Meat from U.S. mad cow traced to 8 states, Guam
USDA official: Risk to consumers 'virtually zero'
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|MAD COW TRACED TO|
|THE HUMAN LINK|
Mad cow disease was first reported in the United Kingdom in 1986, peaking in 1993 with almost 1,000 new cases per week.
In 1996, variant Creutzfeldt-Jakob Disease (vCJD) was detected in humans and linked to the mad cow epidemic. Eating contaminated meat and cattle products is presumed to be the cause.
Both are fatal brain diseases with unusually long incubation periods, often lasting years.
Source: Centers for Disease Control and Prevention
(CNN) -- U.S. Department of Agriculture officials have traced beef from a cow diagnosed with mad cow disease to four more states and Guam in addition to the four states already announced, the department said Sunday.
Meat was sent to Alaska, Montana, Hawaii, Idaho and the U.S. territory of Guam in the Pacific, said Kenneth Petersen, a spokesman for the department's Food Safety Inspection Service, on Sunday.
Investigators are also trying to trace cows that entered the United States from the same herd as the diseased animal.
The cow was slaughtered this month in Washington state, and its meat was sent to two processing plants in Oregon. Meat also was shipped to California and Nevada, the department had said earlier.
The department has recalled about 10,000 pounds of beef that originated from Vern's Moses Lake Meat Co. in Moses Lake, Washington, where the infected cow was slaughtered December 9.
Risk to consumers from the meat was "virtually zero," Petersen said.
"The meat per se, because it did not contain any spinal cord material, we think is a very low risk to consumers," Petersen said, adding that the distribution was "limited." The disease is believed to be present only in nervous system tissue.
Mad cow disease, known to scientists as bovine spongiform encephalopathy (BSE), is a brain-wasting disease that is usually transmitted to cows via contaminated feed and has an incubation period in the animals of four to six years.
BSE is linked to a similar human form of the incurable, fatal disease called variant Creutzfeldt-Jakob disease.
There has been a small number of cases of that disease reported worldwide, primarily in the United Kingdom, among people who ate BSE-contaminated meat. At least 100 people have died worldwide, and outbreaks of BSE have led to large declines in beef consumption.
A number of nations have banned U.S. beef imports since the case was announced Tuesday, including Japan, South Korea, Australia, Taiwan, Singapore, Malaysia, Russia, Mexico and China.
In 1997, the United States banned the use of brains and spinal cords, the tissues that carry the disease, in animal feed. But authorities have acknowledged that not all cattle owners followed the rules.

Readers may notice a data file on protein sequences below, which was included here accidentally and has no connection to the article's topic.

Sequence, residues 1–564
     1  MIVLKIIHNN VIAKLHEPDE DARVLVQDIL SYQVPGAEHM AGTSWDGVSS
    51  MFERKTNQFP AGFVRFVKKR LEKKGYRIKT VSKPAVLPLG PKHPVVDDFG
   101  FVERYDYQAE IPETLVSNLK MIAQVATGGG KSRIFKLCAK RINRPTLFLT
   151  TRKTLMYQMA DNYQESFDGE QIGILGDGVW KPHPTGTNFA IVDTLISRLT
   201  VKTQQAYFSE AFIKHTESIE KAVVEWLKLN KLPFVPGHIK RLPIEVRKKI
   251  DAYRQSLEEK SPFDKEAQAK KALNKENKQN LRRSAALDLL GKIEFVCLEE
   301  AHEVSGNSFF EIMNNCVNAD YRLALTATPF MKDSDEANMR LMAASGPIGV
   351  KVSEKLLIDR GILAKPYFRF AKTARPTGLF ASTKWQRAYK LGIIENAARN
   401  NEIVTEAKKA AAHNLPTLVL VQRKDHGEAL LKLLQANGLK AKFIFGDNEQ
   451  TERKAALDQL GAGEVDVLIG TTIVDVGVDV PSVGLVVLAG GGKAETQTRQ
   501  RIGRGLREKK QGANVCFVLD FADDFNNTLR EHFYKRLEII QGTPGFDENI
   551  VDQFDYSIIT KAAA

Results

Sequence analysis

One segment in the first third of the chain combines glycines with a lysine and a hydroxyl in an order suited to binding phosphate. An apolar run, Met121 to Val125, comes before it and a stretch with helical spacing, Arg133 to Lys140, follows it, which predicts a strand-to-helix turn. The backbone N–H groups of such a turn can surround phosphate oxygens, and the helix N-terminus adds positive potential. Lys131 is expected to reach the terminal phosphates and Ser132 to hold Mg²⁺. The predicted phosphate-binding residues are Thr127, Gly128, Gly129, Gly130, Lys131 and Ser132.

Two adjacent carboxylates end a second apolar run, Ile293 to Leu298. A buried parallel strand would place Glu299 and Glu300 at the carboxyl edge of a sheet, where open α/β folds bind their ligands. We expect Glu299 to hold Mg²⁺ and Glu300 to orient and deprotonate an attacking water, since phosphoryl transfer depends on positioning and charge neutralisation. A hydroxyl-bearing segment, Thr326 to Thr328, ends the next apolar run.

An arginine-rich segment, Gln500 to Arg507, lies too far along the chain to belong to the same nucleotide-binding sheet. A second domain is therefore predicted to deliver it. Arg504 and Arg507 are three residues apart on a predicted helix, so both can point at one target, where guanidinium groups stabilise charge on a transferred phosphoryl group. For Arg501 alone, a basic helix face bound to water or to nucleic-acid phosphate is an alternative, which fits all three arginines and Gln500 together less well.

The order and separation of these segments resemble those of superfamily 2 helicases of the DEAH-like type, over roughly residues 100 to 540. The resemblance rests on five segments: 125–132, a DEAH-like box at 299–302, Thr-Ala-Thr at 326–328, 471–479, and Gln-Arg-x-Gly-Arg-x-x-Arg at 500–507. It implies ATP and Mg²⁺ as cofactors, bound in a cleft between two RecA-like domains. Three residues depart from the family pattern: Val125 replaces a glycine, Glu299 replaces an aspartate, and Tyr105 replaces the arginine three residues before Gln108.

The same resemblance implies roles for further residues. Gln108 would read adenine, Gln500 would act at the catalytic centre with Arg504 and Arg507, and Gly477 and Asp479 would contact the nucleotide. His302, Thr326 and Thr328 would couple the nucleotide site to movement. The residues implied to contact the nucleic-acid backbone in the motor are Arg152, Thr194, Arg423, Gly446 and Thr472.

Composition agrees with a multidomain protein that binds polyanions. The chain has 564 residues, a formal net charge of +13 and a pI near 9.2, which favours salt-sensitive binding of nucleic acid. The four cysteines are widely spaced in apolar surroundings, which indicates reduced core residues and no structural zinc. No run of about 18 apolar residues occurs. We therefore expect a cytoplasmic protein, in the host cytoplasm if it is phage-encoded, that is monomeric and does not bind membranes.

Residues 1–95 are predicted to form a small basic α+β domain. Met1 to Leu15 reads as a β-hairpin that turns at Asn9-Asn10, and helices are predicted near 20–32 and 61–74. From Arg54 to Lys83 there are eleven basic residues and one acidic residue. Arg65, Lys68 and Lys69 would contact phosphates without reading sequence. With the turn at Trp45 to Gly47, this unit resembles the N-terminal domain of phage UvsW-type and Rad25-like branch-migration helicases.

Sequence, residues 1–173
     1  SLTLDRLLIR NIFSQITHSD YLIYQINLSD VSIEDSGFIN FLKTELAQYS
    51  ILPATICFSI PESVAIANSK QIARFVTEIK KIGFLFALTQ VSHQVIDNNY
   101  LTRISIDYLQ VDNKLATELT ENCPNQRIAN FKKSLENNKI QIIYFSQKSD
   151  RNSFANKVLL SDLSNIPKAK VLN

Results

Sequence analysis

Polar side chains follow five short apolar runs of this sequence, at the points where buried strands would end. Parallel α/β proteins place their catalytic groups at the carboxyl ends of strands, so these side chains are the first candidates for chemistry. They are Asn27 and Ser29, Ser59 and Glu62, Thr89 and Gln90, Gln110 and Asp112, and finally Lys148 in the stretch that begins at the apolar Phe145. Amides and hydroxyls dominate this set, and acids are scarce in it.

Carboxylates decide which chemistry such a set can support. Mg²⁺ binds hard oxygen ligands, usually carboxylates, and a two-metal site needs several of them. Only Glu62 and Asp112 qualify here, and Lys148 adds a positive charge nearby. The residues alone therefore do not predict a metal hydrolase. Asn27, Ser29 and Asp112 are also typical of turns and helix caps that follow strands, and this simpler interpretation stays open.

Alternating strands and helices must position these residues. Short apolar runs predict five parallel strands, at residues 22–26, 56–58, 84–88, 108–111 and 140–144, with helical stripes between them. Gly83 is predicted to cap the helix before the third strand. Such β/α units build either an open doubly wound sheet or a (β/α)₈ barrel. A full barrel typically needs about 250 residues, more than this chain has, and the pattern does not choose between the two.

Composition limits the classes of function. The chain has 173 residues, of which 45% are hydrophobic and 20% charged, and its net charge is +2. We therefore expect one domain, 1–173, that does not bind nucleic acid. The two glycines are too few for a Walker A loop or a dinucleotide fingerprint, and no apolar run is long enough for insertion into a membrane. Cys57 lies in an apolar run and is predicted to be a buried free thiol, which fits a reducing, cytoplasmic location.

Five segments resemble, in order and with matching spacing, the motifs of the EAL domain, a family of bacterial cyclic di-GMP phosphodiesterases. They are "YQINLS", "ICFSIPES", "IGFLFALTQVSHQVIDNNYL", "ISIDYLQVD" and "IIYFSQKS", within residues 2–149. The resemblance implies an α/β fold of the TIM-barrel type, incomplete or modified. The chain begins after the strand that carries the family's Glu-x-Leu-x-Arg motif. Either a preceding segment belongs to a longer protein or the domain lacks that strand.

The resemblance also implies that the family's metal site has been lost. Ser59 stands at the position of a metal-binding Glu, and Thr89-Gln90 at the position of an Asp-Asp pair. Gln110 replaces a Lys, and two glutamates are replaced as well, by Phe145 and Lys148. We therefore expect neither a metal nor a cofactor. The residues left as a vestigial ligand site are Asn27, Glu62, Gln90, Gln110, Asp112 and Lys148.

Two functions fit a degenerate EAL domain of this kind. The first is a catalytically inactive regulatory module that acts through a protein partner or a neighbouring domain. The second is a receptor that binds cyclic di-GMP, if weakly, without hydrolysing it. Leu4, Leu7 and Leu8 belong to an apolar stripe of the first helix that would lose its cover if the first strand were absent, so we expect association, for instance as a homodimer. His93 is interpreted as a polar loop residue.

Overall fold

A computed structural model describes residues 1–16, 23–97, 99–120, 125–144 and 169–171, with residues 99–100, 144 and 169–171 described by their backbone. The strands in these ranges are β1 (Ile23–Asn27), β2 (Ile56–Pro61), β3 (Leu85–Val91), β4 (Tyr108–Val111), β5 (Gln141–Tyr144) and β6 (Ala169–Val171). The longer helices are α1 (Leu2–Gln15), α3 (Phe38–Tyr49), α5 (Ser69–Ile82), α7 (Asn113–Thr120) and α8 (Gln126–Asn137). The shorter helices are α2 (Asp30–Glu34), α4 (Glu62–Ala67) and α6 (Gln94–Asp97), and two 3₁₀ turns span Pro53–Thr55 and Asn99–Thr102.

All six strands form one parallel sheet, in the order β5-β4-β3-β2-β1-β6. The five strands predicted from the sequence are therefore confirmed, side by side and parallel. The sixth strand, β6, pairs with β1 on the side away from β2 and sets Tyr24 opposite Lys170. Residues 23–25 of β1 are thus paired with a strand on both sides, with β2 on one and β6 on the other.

Democratic Sen. Charles Schumer of New York said the case demonstrates the need for a national system to trace tainted meat in case of outbreaks. Schumer has introduced a bill that would require processed meat to carry such a tracking code, and called the discovery "a wake-up call."
Ron DeHaven, the U.S. Department of Agriculture's chief of veterinary medicine, said Canadian records show the cow -- a Holstein -- entered the United States via Eastport, Idaho, with a herd of 73 other cows in August 2001.
He said investigators have matched an ear tag applied to the cow at the point of export and removed from the sick cow at the slaughterhouse to records of a Canadian cow.
DeHaven said investigators hope to use DNA tests to confirm their preliminary determination that the cow entered the country from the Canadian province of Alberta.
"The investigation today is focusing on tracing the other 73 animals that presumably came into the United States in the same shipment with this positive cow," DeHaven said.
Brian Evans, chief veterinary officer with the Canadian Food Inspection Agency, said it was not yet clear if the cow that entered from Alberta was the same one as the animal that became sick, or even that the infected cow had come from Canada.
A cow in Alberta tested positive for BSE in May. Tests in England confirmed signs of mad cow disease. Eighteen farms were quarantined, but no additional cases were discovered.
After the diagnosis, the United States banned imports of beef from Canada. The ban was partially lifted in September.
Mad cow disease first appeared in the United Kingdom in the mid-1980s, and millions of cattle were slaughtered.